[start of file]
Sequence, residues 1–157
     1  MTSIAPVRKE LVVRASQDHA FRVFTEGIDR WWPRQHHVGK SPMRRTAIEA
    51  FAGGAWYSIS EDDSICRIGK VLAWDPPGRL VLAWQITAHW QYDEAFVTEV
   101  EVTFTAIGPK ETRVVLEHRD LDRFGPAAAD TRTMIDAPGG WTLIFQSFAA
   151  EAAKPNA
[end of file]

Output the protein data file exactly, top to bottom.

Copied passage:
Sequence, residues 1–157
     1  MTSIAPVRKE LVVRASQDHA FRVFTEGIDR WWPRQHHVGK SPMRRTAIEA
    51  FAGGAWYSIS EDDSICRIGK VLAWDPPGRL VLAWQITAHW QYDEAFVTEV
   101  EVTFTAIGPK ETRVVLEHRD LDRFGPAAAD TRTMIDAPGG WTLIFQSFAA
   151  EAAKPNA